Hat Trick

Hat trick: three successes of the same kind, especially consecutive ones within a limited period.

Three honeybees, working the glorious goodness of Frostweed, Verbesina virginica, focused only on their goal of nectar gathering, offered zero attention–no buzzes, no curious fly-bys–to the human with three eyes as she bumbled through the garden.

This time of year, the second spring of Central Texas, when autumn perennials burst forward in floral song, after the hot summer and before winter’s chill, it’s not at all challenging to find pollinator hat tricks working varieties of lush perennials, which dispense both food and beauty, necessities for hearts and souls. Change is palpable: shorter days, cooler temperatures, and optimism for the future.

Linking with Anna and the lovely Wednesday Vignette, it’s all about telling garden stories.

Frost Again

A few weeks ago I wrote about the whimsical ice art produced by FrostweedVerbesina virginica, typically revealed by the season’s first hard freeze; you can read about this winter’s ice art unveiling in my garden here.  I was coldly, but pleasantly surprised this past weekend to see more Frostweed ice sculptures after Central Texas–and my garden–plummeted to 20ºF (-6ºC).

Curled and swirled outwardly from the fractured and frayed epidermis of the stems, the ice is fragile, usually melting within a few hours as the Texas sun warms.

In the shady parts of my garden, the ribbons of frost remained a testament to the chilly weekend.

Even in sun-warmed spots, the ice art endured through Sunday, mid-day.

Some years, the Frostweed ice capades never materialize because temperatures don’t reach the freezing point. In other years when temperatures have fallen just to freezing, but no lower, and then later a deeper freeze occurs, the sap in the Frostweed acclimatizes so that the immediate and dramatic burst-freeze-ice curl doesn’t happen. In those years, it’s just plain old un-frosty Frostweed sticks amongst the downed, brown discarded leaves until it’s time to prune the sticks and rake the leaves.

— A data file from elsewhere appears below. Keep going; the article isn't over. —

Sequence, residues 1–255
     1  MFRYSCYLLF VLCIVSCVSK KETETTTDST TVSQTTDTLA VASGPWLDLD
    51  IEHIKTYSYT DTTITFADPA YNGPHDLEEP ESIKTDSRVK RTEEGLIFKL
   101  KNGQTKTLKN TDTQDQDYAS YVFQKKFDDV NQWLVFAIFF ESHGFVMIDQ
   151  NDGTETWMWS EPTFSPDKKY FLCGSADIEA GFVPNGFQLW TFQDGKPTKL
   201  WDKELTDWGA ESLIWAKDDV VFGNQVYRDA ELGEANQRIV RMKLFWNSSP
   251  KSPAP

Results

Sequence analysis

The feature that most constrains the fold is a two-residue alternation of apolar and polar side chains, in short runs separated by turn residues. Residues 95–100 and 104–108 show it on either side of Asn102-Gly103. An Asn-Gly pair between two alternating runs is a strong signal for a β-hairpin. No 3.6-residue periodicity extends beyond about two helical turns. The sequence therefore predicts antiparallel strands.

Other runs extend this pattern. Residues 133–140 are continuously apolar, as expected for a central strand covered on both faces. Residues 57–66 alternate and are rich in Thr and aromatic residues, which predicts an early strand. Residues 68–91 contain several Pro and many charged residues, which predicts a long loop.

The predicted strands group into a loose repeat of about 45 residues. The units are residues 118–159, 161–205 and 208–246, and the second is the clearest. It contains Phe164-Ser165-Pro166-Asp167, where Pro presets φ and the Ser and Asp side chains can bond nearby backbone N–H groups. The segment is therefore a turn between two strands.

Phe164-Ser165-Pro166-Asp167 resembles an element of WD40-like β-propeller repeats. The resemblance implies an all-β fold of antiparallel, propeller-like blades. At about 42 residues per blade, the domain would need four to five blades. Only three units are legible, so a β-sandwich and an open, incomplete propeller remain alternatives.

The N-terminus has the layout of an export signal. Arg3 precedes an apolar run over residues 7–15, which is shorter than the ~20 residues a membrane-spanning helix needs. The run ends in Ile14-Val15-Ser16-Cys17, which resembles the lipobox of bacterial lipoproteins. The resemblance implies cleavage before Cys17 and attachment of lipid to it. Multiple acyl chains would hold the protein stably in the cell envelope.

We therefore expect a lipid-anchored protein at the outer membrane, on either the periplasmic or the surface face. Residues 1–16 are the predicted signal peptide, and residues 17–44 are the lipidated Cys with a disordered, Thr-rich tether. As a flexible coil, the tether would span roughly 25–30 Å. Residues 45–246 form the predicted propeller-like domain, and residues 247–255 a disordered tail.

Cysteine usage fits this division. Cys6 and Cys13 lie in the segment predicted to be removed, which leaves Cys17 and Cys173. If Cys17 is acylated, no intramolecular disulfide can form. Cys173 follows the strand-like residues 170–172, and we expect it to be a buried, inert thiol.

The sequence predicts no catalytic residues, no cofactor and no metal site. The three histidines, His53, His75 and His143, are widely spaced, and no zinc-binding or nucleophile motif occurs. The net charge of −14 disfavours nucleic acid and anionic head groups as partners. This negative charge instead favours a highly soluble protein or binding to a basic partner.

This year, with temperatures swinging wildly from 80ºF to 20ºF and back again, the Frostweed proved its worth for the winter garden–at its base,

…and at its crown.

…and in a vase.

Frosty Frostweed

This past  week, winter entered the Central Texas picture with temperatures dipping to the mid 20s F/below 0 C, for several nights and mornings.  I realize that’s nothing to what the mid-west and elsewhere regularly endures, but it is a definitive so long to the blooming southwest garden!  and hello! to wilted and freeze-crisped plants.  I miss flowers in winter, but I welcome the cold(er) season exit of herbaceous perennials.  I like the bare-bones of a garden revealed, to better assess needed garden changes.

Fun to see after a hard freeze are the ice sculptured stems of FrostweedVerbesina virginica. 


Elegant ice ribbons form when water in the stems expands rapidly during the first hard freeze of the season, exuding sap which freezes quickly and into delicate, fantastical shapes along the length of the stems.


Wavy and curvy, the ice sheets are delicate and fragile.



This one rocks a fungal look reminiscent of an earlier, warmer time.


The ice ribbons usually appear near the base of the plant, but can develop along any stem–the key is plenty of sap within those epidural walls. My Frostweeds weren’t yet dormant, allowing for plenty of moisture to freeze.

I’d trimmed this Frostweed ahead of a soon-to-begin fence project.


…and ice ribbons hug the 5 or 6 inches of remaining stems, looking like a scroll which needs unrolling.

Frostweed isn’t the only plant which produces these types of frozen sculptures, but it is a reliable ice artist in my garden.


The ice is fragile, the sculpture ephemeral. Once the temperature rises above freezing, the natural sculpture is finished for another year.

Frostweed is an excellent plant for pollinators and birds, which is the primary reason I grow it,


…but the ice sculptures are well-worth the winter show for the gardener.